At the end of May, we learned of a planned ban on the Eucharist in a Maryland county. We wasted no time contacting our email list of subscribers asking for them to get involved. They sure did, and with great effect.
Consider that the Volstead Act, which enforced the 18th Amendment ban on alcohol, allowed for certain exemptions, among them being sacramental wine used by Catholic priests. Howard County Maryland Executive Calvin Ball wanted to go beyond Prohibition and ban sacramental wine and the Eucharistic host in response to the coronavirus.
Part II, section 4, of Executive Order 2020-09 was quite specific. “There shall be no consumption of food or beverage of any kind before, during, or after religious services, including food or beverage that would typically be consumed as part of a religious service.”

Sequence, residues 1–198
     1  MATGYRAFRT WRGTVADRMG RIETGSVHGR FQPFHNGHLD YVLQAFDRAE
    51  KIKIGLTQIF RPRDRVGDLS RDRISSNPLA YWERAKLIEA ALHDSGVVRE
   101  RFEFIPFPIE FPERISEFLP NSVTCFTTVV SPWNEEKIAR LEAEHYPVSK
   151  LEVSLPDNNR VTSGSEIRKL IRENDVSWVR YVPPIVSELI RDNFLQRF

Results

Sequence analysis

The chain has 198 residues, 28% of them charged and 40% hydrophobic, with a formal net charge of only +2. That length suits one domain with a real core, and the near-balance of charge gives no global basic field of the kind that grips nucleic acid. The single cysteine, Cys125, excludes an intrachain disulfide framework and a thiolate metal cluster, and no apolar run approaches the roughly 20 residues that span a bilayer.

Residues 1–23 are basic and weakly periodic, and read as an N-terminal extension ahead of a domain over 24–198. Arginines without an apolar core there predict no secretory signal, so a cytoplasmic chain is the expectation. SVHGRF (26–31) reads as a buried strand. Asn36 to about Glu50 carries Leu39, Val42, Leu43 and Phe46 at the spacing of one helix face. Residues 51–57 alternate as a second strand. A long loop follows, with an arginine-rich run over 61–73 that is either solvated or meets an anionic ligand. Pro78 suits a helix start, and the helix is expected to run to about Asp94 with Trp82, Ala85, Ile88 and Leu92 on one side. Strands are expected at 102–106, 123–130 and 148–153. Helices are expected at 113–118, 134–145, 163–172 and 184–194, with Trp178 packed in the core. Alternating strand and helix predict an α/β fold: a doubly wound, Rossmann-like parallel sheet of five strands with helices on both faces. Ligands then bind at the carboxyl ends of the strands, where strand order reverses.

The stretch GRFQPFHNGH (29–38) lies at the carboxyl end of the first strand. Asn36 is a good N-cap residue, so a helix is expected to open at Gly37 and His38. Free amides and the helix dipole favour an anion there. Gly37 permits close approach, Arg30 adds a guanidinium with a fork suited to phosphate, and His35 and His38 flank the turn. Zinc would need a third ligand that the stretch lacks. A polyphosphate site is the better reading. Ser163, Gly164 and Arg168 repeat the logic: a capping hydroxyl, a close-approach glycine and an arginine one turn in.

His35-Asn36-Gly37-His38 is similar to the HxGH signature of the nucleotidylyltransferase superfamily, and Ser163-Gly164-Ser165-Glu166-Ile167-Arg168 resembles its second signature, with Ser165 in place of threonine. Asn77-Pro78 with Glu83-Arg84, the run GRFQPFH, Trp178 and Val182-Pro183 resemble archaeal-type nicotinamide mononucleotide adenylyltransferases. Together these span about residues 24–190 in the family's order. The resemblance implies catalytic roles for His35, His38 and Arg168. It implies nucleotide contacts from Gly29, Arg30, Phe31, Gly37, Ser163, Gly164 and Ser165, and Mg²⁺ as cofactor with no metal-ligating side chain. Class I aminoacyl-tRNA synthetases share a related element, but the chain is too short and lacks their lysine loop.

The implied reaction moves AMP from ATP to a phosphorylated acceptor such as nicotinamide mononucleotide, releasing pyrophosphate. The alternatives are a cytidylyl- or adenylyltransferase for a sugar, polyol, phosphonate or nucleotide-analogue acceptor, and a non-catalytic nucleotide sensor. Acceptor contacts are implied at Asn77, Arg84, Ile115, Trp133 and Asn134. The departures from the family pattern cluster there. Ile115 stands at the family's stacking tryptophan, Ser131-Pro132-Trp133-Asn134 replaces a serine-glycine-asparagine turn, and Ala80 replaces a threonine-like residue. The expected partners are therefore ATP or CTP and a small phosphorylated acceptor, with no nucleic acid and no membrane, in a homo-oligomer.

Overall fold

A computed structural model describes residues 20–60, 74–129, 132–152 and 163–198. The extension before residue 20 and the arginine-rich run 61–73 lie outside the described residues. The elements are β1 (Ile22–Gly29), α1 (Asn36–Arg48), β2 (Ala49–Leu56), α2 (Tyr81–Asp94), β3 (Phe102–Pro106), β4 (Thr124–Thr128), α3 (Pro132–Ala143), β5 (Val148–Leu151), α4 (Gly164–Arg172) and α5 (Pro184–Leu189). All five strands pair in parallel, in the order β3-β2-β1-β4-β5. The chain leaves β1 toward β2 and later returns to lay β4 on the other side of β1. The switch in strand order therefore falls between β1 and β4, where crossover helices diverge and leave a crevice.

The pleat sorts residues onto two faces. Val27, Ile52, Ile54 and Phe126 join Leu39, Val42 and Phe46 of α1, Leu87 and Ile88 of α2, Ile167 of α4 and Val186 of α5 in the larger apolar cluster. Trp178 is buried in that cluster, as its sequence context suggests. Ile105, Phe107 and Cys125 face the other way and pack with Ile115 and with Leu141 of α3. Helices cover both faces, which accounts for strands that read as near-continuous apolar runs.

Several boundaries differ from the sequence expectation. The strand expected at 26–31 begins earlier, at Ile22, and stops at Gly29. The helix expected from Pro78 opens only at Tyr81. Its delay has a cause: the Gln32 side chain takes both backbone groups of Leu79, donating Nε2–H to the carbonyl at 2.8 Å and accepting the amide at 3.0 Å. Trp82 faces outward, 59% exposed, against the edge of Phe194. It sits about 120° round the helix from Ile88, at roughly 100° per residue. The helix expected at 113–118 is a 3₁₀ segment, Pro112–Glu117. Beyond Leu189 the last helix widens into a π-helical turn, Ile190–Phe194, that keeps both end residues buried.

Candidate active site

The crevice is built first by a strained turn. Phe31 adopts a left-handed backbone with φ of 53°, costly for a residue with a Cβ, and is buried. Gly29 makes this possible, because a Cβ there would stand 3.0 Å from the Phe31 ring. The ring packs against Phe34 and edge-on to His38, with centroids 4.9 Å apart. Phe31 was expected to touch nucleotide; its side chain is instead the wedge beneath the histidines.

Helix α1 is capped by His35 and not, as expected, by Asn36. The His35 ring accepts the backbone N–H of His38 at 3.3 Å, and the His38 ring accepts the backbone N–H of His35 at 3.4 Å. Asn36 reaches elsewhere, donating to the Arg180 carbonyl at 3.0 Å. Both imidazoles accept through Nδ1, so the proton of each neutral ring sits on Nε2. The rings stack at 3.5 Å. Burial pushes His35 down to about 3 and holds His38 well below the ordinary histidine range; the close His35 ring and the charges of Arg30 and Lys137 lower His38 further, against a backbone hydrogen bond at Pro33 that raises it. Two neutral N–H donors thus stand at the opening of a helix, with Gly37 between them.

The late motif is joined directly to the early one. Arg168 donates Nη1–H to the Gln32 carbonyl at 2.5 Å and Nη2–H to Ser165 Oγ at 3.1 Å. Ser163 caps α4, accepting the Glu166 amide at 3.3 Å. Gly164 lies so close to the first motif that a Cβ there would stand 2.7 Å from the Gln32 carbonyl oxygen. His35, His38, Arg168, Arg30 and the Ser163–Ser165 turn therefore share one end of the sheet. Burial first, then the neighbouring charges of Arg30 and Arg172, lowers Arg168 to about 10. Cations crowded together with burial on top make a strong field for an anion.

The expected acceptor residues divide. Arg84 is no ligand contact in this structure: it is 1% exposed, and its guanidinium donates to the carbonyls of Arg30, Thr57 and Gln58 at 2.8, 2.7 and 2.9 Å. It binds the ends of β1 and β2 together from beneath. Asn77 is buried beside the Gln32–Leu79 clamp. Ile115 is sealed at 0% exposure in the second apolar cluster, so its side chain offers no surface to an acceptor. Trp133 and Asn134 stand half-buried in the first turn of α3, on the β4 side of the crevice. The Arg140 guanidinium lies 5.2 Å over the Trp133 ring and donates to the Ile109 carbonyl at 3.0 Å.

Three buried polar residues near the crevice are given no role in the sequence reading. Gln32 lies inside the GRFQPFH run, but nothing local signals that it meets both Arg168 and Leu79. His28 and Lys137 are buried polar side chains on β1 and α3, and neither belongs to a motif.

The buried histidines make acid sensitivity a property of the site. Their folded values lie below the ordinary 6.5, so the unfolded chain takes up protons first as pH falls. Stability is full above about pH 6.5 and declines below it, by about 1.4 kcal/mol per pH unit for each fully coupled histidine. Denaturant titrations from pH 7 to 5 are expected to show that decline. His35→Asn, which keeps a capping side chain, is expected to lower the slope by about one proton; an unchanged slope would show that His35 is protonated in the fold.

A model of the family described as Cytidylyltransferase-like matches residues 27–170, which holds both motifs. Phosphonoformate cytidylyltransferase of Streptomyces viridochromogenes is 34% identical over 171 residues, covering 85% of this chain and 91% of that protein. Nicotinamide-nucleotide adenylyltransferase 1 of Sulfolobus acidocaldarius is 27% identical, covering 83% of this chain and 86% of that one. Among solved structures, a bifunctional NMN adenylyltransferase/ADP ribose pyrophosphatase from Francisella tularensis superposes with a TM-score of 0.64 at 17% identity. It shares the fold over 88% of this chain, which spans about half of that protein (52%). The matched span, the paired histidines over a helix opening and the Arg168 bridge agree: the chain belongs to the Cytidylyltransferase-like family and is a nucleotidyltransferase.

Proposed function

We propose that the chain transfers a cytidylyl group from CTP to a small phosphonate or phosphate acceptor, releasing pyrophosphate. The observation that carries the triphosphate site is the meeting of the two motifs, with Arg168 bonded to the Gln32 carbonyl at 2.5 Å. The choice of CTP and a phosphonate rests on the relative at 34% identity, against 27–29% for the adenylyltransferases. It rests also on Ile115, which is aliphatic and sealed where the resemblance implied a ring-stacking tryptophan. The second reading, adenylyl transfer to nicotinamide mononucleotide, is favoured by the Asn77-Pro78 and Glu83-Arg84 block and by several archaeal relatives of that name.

The Archdiocese of Baltimore, while planning to observe social distancing and discouraging Holy Communion on the tongue, was not in agreement with this executive order.
We alerted our supporters, noting that this was an issue of monumental importance, one that should trigger a strong response from Catholics no matter where they live. Howard County spokesman Scott Peterson said they were open to receiving feedback regarding the executive order and we asked everyone to contact him.
Just as our call to contact Peterson took place, we learned that the order was rescinded. He called Bill Donohue to thank him for being so professional in his call to action. He said he was bombarded with emails protesting the initial decision. Thanks to all who participated.